Encyclopaedia of the Hellenic World, Asia Minor FOUNDATION OF THE HELLENIC WORLD
Αναζήτηση με το γράμμα AΑναζήτηση με το γράμμα BΑναζήτηση με το γράμμα CΑναζήτηση με το γράμμα DΑναζήτηση με το γράμμα EΑναζήτηση με το γράμμα FΑναζήτηση με το γράμμα GΑναζήτηση με το γράμμα HΑναζήτηση με το γράμμα IΑναζήτηση με το γράμμα JΑναζήτηση με το γράμμα KΑναζήτηση με το γράμμα LΑναζήτηση με το γράμμα MΑναζήτηση με το γράμμα NΑναζήτηση με το γράμμα OΑναζήτηση με το γράμμα PΑναζήτηση με το γράμμα QΑναζήτηση με το γράμμα RΑναζήτηση με το γράμμα SΑναζήτηση με το γράμμα TΑναζήτηση με το γράμμα UΑναζήτηση με το γράμμα VΑναζήτηση με το γράμμα WΑναζήτηση με το γράμμα XΑναζήτηση με το γράμμα YΑναζήτηση με το γράμμα Z

Calendar of the Province of Asia

Author(s) : Kadirea Maria (10/8/2003)
Translation : Velentzas Georgios

For citation: Kadirea Maria, "Calendar of the Province of Asia",
Encyclopaedia of the Hellenic World, Asia Minor
URL: <http://www.ehw.gr/l.aspx?id=8353>

Ημερολόγιο Επαρχίας Ασίας (3/7/2008 v.1) Calendar of the Province of Asia (10/9/2008 v.1) 

1. Calendar of the Province of Asia

In 9 BC the Koinon of Asia decided and voted for the modification of the local calendar so that it could start on Augustus’ birthday, September 23.

The modification, which became known due to a number of fragmentary inscriptions –Greek and Latin– found in five cities of Asia Minor (Priene, Apameia, Eumeneia and Dorylaeum of Phrygia, and Maeonia of Lydia), was carried out as follows: the proconsul of the province of Asia, Paulus Fabius Maximus, issued an edict concerning the Greek cities (δελτογράφημα), which included a long praise for Augustus, explaining the reasons that led to the modification, mainly that the emperor’s birthday inaugurated a new era towards the salvation of the world, and encouraging the cities to prepare a resolution that would approve the new calendar. In this way, the Roman official tried to, even formally, respect the autonomy of the cities and did not impose his will through an edict. Instead, he invited the Koinon of Asia Minor to approve the particular proposition, which was going to consolidate the imperial cult in the area. In response, the Greeks prepared two successive resolutions, through which, among others, they decided to honour the emperor and the Roman proconsul, while they also clarified the new form of the local calendar.1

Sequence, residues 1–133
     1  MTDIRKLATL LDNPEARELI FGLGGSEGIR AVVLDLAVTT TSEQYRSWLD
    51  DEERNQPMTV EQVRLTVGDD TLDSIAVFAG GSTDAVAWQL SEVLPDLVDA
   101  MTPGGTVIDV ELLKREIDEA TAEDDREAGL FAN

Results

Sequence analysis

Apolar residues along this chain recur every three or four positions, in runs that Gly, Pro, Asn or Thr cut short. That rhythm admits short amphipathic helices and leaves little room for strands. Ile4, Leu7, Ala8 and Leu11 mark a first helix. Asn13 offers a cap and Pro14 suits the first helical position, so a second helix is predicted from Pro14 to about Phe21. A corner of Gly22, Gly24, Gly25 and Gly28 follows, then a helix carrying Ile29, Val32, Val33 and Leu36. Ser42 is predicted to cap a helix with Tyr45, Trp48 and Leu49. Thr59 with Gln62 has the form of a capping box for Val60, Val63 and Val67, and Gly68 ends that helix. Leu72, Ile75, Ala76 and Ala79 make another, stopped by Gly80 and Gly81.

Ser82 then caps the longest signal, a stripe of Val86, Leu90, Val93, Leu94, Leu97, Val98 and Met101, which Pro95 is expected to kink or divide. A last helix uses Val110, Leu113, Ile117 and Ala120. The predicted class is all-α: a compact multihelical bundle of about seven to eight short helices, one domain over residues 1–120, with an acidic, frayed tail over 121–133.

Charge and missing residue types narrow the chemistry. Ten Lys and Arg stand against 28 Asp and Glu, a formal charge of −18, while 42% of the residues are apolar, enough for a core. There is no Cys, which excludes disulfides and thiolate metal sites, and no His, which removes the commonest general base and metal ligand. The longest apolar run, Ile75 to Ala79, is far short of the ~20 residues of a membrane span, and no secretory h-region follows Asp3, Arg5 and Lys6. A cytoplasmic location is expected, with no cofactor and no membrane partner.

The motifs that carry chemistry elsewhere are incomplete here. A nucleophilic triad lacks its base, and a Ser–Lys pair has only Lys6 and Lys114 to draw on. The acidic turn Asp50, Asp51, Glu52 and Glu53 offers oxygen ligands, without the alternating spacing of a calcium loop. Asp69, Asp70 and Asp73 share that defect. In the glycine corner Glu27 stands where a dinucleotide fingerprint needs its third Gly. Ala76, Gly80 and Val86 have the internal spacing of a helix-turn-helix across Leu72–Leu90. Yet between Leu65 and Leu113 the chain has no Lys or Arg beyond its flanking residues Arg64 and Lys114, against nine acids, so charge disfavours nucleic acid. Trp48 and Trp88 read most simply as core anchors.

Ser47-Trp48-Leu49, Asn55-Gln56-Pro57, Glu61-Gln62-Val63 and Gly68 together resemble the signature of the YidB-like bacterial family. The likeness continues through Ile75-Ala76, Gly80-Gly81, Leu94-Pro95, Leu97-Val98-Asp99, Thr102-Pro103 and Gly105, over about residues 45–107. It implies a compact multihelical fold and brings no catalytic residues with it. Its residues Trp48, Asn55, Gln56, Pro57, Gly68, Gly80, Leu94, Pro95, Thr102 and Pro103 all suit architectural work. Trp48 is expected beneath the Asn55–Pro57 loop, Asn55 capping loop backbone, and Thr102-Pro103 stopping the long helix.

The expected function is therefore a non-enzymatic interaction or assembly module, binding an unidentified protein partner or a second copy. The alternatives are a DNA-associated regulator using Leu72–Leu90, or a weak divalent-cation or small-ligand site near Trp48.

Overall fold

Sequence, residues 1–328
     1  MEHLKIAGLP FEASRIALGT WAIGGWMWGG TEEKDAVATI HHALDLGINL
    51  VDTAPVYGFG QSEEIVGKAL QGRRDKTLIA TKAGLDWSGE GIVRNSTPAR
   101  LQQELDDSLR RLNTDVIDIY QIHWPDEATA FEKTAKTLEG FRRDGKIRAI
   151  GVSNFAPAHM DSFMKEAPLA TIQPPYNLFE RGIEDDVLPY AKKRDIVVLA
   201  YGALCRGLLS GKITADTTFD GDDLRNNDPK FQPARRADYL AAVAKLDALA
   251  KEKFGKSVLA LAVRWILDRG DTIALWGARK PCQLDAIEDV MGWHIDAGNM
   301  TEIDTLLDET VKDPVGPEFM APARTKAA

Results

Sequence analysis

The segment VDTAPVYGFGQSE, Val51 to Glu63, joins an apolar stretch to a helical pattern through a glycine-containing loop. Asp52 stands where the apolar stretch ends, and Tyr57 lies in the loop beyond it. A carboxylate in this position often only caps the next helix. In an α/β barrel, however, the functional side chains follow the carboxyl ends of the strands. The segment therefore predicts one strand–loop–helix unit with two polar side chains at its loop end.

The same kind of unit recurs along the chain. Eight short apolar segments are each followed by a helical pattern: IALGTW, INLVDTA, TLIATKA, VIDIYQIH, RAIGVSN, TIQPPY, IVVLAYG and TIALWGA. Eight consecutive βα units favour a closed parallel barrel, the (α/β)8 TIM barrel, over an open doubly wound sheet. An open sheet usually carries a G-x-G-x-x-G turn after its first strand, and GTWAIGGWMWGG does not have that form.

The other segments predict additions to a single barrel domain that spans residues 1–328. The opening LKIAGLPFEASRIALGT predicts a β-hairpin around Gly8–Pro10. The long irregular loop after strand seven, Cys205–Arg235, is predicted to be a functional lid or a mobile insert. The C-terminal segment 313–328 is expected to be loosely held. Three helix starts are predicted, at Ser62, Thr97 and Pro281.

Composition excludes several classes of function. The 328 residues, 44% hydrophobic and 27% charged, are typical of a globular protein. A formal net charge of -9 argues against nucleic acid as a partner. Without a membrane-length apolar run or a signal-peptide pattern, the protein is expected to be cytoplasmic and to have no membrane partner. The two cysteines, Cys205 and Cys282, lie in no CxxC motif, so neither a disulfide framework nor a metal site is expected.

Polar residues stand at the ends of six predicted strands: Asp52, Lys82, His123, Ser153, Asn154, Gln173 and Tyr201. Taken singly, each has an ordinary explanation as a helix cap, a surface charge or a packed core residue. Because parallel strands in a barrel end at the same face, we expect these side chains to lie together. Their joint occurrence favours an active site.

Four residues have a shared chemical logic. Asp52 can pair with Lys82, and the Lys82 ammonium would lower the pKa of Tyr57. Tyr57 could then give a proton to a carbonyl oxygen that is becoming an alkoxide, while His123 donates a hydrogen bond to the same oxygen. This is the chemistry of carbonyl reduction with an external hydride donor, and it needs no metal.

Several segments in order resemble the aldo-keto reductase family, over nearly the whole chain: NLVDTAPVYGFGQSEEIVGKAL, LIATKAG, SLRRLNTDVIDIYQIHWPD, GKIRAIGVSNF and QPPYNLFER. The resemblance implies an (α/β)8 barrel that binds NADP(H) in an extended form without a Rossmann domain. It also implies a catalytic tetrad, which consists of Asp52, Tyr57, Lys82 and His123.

The modifications concerned the transformation of the lunar calendar of the Macedonian type (12 months of 30 or 29 days, to which an additional month was periodically added), until then in effect, into a solar calendar of the Roman type (12 months, 7 of which with 31 days, 4 of which with 30 days and 1 month with 28 or, periodically, 29 days).2 The only difference with the calendar of Rome was that the year in Asia Minor would start on September 23, instead of January 1, so that it could coincide with Augustus’ birthday, while each month would start on the 23rd day.3

Copies of the resolution were put up in public places all over Asia Minor, particularly in Caesarea and the temples of Rome and Augustus. The inscriptions of the five aforementioned cities are the only testimonies preserved to date.

1. The most comprehensive publication of these inscriptions is by Laffi, U., “Le iscrizioni relative all’introduzione nel 9 a.C. del nuovo calendario della provincia d’Asia”, SCO 16 (1967), pp. 5-98, on which the present entry is mainly based. See also Sherk, R.K., Roman Documents from the Greek East. Senatus Consulta and Epistulae to the Age of Augustus (Baltimore 1969), pp. 328-337, no. 65, including extensive bibliography.

2. The Roman calendar is still in effect in the western world.

3. The names of the months included in the new calendar of the Koinon of Asia Minor were: Caesar, Apellaios, Audnaios, Peritios, Dystros, Xandikos, Artemisios, Daisios, Panemos, Loios, Gorpiaios, Hyperberetaios Embolimos (Sherk, R.K., Roman Documents from the Greek East. Senatus Consulta and Epistulae to the Age of Augustus (Baltimore 1969), pp. 328-337, nos 65, l. 67-72).


Entry's identity

press image to open photo library